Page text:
It seems like the perfect situation. You’ve come up with a fantastic idea for a new business, and you even have a person (or two) who seem just as excited as you about turning it into a thriving business.
Forming a partnership comes with a lot of potential liability if you and your partner can’t work together as well as you had hoped. Even if the idea came from both of you, you might still want to be cautious about officially joining forces.
Here are some things to consider before making your partnership official.
There must be trust
Forming a partnership can have some of the same essential elements of a marriage. There is a certain level of confidence that must exist between both people to be able to move the business forward. That is especially true in the early stages of the business.
Between the finances and the big decisions, you need to make sure that your new business partner is on the same page. When one of you acts on behalf of the business, it has the same effect as if both of you were making that decision.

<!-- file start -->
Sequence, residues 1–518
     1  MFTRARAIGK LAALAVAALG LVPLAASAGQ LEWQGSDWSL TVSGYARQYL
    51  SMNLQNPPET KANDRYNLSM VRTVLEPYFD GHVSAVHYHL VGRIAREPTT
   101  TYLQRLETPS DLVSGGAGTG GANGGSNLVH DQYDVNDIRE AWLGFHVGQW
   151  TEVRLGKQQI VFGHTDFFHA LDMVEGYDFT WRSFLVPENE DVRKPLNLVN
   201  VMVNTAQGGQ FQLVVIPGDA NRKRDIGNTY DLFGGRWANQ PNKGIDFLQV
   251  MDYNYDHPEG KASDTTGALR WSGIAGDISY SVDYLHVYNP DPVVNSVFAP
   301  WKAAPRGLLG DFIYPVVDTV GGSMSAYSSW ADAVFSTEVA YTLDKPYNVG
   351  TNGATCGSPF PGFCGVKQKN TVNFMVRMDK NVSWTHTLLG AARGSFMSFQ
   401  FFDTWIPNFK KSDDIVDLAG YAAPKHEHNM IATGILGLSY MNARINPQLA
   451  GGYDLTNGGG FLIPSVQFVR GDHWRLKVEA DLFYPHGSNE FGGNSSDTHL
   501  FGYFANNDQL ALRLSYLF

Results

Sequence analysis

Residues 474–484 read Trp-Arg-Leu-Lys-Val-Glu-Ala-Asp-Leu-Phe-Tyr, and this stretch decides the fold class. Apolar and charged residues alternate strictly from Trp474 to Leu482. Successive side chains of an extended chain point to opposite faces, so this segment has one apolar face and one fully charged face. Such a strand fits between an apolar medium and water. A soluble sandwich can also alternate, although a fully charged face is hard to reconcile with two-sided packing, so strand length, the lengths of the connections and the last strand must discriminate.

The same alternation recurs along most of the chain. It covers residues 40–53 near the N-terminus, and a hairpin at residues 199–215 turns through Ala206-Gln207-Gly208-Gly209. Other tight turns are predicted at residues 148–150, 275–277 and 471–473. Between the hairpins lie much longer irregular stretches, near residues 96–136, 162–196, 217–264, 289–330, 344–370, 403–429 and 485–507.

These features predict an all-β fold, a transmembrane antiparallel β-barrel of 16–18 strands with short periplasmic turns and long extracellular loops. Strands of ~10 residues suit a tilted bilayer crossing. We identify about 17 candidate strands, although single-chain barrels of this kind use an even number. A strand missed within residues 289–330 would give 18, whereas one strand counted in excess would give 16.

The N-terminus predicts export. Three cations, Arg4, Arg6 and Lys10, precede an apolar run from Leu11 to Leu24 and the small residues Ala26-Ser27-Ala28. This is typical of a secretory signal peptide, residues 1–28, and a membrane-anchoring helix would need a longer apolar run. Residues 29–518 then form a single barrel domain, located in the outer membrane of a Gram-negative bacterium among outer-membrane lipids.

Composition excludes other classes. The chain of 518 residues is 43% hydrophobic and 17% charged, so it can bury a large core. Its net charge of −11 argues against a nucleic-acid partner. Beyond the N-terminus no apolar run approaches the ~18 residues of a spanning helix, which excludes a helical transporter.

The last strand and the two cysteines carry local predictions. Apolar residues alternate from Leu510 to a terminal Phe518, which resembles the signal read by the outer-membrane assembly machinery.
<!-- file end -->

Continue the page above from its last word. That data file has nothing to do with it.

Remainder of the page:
That means, for better or worse, their decisions have the same effect as your decisions. It’s important to make sure you both agree on where those decisions are taking you.
Have you ever had that friend who is just a little too much like you? You get along, but there are so many similarities that it can be difficult to know what to talk about because you always agree.
The same can be true of a business partner. Business is not a time to have a “yes man” at your side or even someone who genuinely agrees with all your decisions. You need to have a balance of where the ideas come from and where the business is going.
Keep in mind that, while a person who agrees all the time seems great when the business is going well, will not be the kind of partner you want when things get more challenging. When you are out of ideas, and you feel like you’re floundering, you will need to be able to look to your partner to help collaborate on a new way to move the business forward.
Establishing work ethic
It’s easy to commit to the exhausting workload of a start-up at the beginning when everything is new and exciting. It’s another thing to have that same level of enthusiasm when the business is almost ready to hire more staff but isn’t quite ready.
It can be difficult to determine someone’s commitment when you are first getting started, but this is an important piece to try to gage. Once you and your partner have made your partnership official, it can be complicated to try to go back to working alone.